Four more years for green building, green energy, green jobs
President Obama’s convincing re-election is good news for the policy agenda of green building, renewable energy and energy efficiency. While the country’s fiscal and economic woes will cut overt subsidies and curb new spending proposals, the Administration’s strong policy preference for green energy, green buildings and green job creation will certainly remain; throughout, I would expect federal officials to be challenged by the President’s team to see how much they can do to promote this agenda without spending new money.
We are likely to continue to see Executive Orders, administrative mandates, grants and loans, along with other policy instruments used to continue greening of the Defense Department and GSA buildings, bringing sustainability concerns into affordable housing and strengthening the nation’s green energy infrastructure. We are likely to see the Republican House capitulate on some of these policy issues, e.g., withdrawing the “no LEED” requirement for Defense Department and GSA projects, simply because reduced numbers, fiscal policy, budgets and other issues are likely to preoccupy them.
What we are NOT likely to see is a return to the first two years of “anything goes”: DOE solar technology loan programs, a “green jobs” czar and other policy and program initiatives that fell upon hard times. We are also more likely to see greater use of “federalism,” with waivers, grants and other methods employed to let states experiment with accelerating green jobs, green energy, green building and energy efficiency when using federal money for projects and programs.
In addition, I would not be at all surprised to see European Union climate initiatives such as mandatory disclosure of building energy performance; stronger renewable energy goals; and “retrofit upon resale” for commercial buildings creep into the US climate-change adaptation dialog. Certainly, there will be strong support for state and local initiatives along these lines.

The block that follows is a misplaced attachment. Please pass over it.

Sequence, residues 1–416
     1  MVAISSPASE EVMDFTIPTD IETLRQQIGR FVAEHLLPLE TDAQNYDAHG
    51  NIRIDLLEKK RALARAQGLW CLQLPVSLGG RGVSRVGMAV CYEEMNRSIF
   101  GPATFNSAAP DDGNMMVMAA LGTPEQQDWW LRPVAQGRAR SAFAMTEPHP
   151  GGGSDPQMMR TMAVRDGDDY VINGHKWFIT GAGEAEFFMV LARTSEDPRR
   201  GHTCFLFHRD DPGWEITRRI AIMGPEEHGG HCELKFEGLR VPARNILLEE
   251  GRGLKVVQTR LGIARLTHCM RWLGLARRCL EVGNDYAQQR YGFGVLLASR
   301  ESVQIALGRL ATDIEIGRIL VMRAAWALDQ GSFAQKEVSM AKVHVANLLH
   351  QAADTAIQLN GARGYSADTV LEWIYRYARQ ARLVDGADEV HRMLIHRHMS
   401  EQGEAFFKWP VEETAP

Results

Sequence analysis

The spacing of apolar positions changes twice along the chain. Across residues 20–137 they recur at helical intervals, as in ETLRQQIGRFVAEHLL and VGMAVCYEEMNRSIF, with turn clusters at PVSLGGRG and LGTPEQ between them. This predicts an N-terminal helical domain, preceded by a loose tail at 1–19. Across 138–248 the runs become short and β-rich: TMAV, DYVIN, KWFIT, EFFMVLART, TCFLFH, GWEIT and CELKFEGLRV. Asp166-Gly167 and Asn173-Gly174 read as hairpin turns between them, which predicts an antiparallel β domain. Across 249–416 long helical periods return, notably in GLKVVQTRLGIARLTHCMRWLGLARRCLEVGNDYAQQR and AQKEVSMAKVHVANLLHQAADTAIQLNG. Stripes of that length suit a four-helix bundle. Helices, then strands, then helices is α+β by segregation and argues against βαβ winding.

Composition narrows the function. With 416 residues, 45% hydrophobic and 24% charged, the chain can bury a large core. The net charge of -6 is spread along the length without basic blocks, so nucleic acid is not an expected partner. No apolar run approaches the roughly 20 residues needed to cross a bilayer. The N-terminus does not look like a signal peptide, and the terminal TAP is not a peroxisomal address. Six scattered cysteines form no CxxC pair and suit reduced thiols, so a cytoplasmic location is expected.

Perhaps the most interesting short-term battles will be over the Keystone pipeline, ethanol subsidies and EPA ethanol fuel mandates, the extension of wind power production tax credits and a possible renewal of residential energy tax credits, with the aim of stimulating the rise of the green economy. I would expect President Obama to have a more pragmatic second term, learning from the excesses and errors of first-term policy ideas. Look also for a new team to take over in all key sectors affecting green things. Most cabinet and subcabinet officials get worn out in less than two years, but at slightly lower levels, many green advocates are firmly embedded in the policy apparatus and are poised to exert greater influence.
One other prediction seems certain: Bill Clinton is going to have a lot of influence, since he essentially rescued the President, both at the party convention and during the fall campaign, by relentlessly attacking Romney’s proposals. Since the Clinton Climate Initiative is Mr. Clinton’s signature initiative, look for the Obama Administration to adopt a far more proactive climate change mitigation stance, a much more aggressive energy efficiency retrofit program, and possibly to push for a renegotiation of the Kyoto treaty, to bring it into accord with the fact of China’s new role as the largest emitter of greenhouse gases.
Jerry Yudelson, PE, LEED Fellow, is CEO and founder of Yudelson Associates, a green building and sustainability consultancy based in Tucson, Arizona, www.greenbuildconsult.com. He regularly speaks on green building, high-performance design and sustainable urban planning to conferences and meetings worldwide.
image: Justin Sloan via Flickr cc (some rights reserved)